• Your goal when screening tenants is to find a tenant who will:

Pay on time and in full

Not bother the neighbors

Not damage the property

Honor the lease agreement

If you are in the screening process already with a tenant, it is OK to take an application from another tenant, but let them know there is someone ahead of them in line, so they do not think you are discriminating against them.

How to Screen a Tenant

Your goals of screening tenants are to find a tenant who will:

Pay on time and in full

Not commit crime

Not bother the neighbors

Not damage the property

Honor the lease agreement

Your rental criteria and your screening should all be geared toward those five factors.

The Application

The first and easiest thing to do to begin screening your tenant is to have an application. The application is the easiest way to begin screening your tenant. Verifying the information is the rest of the process. It is unreasonable to rent to someone who has provided false information in their application. Ask about their credit history, criminal records, drug use, and previous landlords. If that all looks good, then all you have to do is make sure they’re not a liar.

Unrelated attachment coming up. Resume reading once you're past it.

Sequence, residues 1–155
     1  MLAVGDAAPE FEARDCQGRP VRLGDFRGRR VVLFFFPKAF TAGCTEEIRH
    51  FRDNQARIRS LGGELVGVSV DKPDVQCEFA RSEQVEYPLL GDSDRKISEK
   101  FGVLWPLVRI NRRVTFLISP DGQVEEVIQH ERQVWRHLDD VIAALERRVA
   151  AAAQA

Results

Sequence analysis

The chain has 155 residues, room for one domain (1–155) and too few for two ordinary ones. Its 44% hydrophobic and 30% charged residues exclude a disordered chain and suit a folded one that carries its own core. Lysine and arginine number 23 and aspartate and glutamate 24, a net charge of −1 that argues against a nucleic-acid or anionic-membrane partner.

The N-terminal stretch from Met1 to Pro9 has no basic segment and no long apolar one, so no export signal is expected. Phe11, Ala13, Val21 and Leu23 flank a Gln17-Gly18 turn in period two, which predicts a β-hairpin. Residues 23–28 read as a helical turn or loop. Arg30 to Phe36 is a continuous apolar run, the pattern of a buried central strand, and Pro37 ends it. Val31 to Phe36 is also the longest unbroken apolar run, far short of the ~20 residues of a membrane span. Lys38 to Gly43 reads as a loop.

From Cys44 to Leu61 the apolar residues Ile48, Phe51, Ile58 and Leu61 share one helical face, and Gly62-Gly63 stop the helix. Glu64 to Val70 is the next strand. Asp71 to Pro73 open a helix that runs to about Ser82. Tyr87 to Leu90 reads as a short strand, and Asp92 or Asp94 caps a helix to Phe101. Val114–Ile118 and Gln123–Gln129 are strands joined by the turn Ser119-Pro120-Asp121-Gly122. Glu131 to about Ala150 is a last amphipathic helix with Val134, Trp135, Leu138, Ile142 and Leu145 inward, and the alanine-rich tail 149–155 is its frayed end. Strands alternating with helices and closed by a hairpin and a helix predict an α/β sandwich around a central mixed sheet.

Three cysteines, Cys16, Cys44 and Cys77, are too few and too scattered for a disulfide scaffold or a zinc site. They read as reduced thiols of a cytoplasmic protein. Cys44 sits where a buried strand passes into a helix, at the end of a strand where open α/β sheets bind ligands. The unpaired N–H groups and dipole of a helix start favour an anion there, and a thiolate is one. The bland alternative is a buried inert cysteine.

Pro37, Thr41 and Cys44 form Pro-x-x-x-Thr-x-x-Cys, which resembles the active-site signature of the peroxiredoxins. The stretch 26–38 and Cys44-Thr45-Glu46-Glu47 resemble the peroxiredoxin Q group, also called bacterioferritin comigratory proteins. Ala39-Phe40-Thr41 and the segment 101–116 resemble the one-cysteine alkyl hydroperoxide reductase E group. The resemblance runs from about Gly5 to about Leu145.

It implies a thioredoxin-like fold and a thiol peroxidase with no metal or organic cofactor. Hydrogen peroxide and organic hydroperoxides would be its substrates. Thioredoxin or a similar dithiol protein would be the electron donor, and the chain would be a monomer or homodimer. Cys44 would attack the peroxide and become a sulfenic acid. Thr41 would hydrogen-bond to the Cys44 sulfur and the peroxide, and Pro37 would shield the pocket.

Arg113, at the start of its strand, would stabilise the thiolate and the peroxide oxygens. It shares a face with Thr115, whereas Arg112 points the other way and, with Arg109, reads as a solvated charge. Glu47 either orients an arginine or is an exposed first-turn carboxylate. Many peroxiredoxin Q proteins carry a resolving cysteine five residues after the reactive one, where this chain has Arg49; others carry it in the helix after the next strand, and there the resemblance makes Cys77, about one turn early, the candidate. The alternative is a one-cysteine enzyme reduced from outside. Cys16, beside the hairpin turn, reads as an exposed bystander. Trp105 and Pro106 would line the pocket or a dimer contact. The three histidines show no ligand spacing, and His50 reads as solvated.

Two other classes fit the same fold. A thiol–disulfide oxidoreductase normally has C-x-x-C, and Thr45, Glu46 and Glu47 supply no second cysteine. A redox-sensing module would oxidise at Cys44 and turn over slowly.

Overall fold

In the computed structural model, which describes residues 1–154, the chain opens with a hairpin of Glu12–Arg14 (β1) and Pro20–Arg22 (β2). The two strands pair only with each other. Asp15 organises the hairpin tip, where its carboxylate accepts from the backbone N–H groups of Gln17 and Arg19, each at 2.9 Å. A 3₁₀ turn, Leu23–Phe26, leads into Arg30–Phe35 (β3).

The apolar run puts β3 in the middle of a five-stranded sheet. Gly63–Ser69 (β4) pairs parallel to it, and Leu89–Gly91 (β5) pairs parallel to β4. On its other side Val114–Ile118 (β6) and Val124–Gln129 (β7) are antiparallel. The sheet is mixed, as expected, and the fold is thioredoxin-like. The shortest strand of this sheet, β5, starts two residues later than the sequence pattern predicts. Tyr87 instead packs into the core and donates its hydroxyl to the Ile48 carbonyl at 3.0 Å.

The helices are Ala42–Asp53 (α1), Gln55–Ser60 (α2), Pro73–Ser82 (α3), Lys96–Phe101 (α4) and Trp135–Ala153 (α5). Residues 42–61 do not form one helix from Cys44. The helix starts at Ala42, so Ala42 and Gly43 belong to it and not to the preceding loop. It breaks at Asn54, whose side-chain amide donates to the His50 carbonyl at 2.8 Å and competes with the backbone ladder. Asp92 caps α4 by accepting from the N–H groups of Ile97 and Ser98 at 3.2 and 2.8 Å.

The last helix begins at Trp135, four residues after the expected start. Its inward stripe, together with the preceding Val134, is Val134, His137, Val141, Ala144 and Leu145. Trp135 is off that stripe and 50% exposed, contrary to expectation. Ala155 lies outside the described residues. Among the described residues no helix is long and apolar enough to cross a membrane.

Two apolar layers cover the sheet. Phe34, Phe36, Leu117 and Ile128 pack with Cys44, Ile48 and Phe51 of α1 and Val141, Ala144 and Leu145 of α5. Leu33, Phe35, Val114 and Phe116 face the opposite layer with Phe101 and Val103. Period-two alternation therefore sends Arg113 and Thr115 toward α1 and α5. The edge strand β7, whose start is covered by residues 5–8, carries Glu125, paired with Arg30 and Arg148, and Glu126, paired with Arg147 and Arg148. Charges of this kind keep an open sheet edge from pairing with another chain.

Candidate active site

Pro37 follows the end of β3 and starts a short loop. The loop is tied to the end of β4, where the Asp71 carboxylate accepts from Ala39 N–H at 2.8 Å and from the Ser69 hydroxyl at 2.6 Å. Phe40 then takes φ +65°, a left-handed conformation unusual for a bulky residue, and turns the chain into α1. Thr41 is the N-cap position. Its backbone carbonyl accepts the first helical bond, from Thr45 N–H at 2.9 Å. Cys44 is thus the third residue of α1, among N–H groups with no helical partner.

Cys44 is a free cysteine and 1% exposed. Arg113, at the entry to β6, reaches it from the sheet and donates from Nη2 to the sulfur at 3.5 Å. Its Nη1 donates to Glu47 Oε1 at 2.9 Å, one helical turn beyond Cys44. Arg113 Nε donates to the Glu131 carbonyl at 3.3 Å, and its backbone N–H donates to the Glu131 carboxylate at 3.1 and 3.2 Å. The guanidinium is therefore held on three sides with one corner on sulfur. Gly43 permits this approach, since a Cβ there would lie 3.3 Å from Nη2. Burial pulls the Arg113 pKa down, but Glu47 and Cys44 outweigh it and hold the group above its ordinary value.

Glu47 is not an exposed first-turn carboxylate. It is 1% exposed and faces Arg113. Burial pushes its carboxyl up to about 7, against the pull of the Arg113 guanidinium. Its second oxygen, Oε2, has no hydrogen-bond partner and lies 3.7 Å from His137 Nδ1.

Do a Credit Check

Remember to get consent to check credit, but don’t rent to someone who does not give it. There is a good chance that someone who owes money has already paid you. You will need to check for any delinquent accounts, repossessions or judgments, bankruptcy, late payments, etc. Now. you are simply checking their honesty.

  • Call the Employer
  • Verify the length of employment and income. You are now simply verifying their honesty. If you are going to have drug tests done, be ready to give a pharmacist or physician’s note detailing prescribed controlled substances. The urine sample cannot be used to screen for any medical conditions. You must also specify which drugs are not allowed before the test can be administered. Unreasonable search laws may prevent you from drawing blood.